The unwanted advances of forward young men are a regular job hazard in the chosen profession of Gisel Della Chiara. “Men approach me on the street, saying, ‘You’re the girl on that sex show, what can you teach me?’ ” says the 32-year-old Chilean-born beauty and host of Discovery Channel’s The Sex Files. Conversely, the single Torontonian has found that more gentlemanly suitors are intimidated by a woman who is surrounded by sex all day. Her current boyfriend, says Della Chiara, is confident enough to handle the situation. But after two seasons on the air, her dad is still coming to terms. “He flipped out,” she says. “He tells everyone I’m on the Discovery Channel, but when they ask him what show, he says, ‘I don’t remember.’ ” It’s certainly conceivable that her father would be embarrassed by the graphic nature of The Sex Files. The program takes a scientific look at intimacy but doesn’t shy away from showing frontal nudity and couples in the act. The erotic and educational premise has helped to make the program Discovery’s highest rated show ever—and viewers, who see the show as a useful sex-education resource, often request video copies. Della Chiara, who also hosts Latin Vibes on CFMT, insists people are watching to learn—not for the pretty host. “I am the package,” she says, “but not the content.”
Prisoner of unconditional love
Her art, in the form of her new novel, Cargo of Orchids, and its convict narrator, is not imitating her life, Susan Musgrave says. Or at least not husband Stephen Reid’s current 18-year prison sentence. “I started this book eight years ago, and finished it a week before Stephen was arrested,” says the West Coast poet, as famous for her headline-making private life as for her writing. Reid was picked up by police after a bungled bank robbery in Victoria in June, 1999. But personal experience still infuses Musgrave’s darkly humorous tale of an unnamed woman sent to death row for murdering her child.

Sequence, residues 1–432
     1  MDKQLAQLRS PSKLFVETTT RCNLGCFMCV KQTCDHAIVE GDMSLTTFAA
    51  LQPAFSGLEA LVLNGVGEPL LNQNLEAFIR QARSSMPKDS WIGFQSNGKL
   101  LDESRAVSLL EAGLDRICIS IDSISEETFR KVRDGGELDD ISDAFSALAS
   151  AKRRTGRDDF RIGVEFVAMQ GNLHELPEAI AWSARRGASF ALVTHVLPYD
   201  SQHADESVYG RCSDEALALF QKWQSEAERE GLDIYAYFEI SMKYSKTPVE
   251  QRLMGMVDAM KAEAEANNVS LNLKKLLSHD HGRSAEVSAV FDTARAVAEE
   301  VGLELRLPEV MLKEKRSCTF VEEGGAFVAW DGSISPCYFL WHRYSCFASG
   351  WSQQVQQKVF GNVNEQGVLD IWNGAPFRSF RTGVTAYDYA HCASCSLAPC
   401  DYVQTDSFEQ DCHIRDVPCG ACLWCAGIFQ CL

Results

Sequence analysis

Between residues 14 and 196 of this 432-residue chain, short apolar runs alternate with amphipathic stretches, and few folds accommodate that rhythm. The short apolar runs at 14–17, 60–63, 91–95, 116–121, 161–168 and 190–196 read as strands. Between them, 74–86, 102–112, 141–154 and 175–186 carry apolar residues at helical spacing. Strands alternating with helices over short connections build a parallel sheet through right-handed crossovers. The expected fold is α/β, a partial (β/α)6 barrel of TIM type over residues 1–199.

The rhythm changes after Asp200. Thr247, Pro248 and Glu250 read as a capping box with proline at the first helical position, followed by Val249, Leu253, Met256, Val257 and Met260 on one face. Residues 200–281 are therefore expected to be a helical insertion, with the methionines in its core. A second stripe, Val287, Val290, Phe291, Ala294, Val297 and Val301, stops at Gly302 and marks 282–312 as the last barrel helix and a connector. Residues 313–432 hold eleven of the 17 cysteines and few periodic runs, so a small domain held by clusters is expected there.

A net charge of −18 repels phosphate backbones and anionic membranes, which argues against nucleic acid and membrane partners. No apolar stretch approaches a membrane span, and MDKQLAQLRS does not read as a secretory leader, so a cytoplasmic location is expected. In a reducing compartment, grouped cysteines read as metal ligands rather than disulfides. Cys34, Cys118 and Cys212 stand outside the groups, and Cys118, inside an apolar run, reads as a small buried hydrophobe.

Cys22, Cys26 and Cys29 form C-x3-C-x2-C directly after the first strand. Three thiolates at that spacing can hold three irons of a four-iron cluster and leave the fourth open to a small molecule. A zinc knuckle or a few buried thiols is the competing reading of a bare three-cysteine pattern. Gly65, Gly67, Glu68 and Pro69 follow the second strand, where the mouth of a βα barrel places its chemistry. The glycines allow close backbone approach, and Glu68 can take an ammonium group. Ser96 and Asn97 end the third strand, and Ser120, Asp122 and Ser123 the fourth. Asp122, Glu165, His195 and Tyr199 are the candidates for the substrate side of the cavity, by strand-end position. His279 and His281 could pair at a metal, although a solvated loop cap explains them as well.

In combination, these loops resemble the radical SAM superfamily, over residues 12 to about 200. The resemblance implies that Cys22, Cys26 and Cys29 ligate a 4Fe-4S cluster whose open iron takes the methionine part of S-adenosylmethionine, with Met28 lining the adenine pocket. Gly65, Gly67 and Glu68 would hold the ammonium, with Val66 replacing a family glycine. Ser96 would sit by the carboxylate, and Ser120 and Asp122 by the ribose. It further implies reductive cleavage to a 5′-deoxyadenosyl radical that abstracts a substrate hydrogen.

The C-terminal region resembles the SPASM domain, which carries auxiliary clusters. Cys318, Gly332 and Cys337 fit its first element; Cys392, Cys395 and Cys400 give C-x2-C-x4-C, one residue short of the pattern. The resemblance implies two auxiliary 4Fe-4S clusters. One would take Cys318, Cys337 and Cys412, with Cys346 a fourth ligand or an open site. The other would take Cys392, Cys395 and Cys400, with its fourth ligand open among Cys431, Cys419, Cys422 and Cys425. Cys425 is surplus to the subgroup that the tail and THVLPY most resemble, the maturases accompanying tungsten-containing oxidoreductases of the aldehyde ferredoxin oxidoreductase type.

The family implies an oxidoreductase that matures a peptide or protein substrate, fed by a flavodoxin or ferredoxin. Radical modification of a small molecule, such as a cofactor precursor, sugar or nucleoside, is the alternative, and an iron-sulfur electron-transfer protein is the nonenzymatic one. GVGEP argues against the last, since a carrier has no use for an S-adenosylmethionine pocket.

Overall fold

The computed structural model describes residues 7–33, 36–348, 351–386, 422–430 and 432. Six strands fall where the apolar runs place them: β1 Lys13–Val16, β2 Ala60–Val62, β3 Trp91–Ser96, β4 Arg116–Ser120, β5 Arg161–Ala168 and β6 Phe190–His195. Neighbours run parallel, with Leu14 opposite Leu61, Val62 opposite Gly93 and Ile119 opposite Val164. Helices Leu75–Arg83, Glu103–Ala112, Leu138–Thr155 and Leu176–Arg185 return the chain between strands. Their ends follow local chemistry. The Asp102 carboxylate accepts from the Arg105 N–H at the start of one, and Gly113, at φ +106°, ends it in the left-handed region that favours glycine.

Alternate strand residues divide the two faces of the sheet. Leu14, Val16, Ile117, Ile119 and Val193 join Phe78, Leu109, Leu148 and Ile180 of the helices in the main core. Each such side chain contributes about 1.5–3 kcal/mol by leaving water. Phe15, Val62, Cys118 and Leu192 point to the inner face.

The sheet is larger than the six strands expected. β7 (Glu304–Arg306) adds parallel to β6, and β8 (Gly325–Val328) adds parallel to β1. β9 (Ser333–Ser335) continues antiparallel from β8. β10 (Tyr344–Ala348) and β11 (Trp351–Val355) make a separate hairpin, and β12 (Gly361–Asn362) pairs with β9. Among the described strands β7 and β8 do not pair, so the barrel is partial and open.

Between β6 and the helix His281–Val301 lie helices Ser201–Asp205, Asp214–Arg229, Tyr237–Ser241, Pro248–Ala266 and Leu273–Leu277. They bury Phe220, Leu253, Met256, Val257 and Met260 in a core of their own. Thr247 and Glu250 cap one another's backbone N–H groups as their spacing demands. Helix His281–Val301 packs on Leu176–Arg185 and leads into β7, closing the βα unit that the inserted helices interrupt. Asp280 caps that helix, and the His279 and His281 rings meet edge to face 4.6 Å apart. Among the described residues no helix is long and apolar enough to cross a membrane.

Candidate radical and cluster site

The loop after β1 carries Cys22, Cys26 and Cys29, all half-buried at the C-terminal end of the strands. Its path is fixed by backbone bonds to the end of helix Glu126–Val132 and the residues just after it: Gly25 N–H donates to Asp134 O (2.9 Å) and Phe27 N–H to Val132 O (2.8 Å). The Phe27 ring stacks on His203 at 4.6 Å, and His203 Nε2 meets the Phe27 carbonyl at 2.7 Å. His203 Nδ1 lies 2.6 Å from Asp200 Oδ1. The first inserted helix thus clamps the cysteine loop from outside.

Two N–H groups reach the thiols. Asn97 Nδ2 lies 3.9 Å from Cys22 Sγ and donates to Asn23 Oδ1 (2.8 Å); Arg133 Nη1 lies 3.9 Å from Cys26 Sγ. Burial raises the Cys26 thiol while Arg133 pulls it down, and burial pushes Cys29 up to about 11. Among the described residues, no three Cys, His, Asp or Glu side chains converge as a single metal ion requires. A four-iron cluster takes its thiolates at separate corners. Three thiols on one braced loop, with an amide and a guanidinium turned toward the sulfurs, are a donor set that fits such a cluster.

After all, Reid was serving time for earlier crimes when Musgrave, now 49, married him in 1986. (The couple have an 11-year-old daughter, Sophie; Musgrave has another child, Charlotte, 18, from a previous relationship.) The writer’s prison visits to Reid inspired Cargo of Orchids, which lampooned the insanely bureaucratic rules and jargon common to penitentiaries. For example, female visitors must hand over their tampons, for fear an “inmate could suicide himself by choking on one,” explains a guard with magnificent redundancy, while executioners swab prisoners’ arms with disinfectant before administering lethal injections.
The better-to-laugh-than-cry tone of the novel, which reflects Musgrave’s attitude towards her own family nightmare, does nothing to disguise the writer’s hatred of prisons. “You can’t see anything there that has life,” she says. But neither does Cargo of Orchids grim atmosphere obscure an ultimately hopeful story. “It’s really a book about unconditional love,” says Musgrave, “about how far you will go to protect someone you love.”
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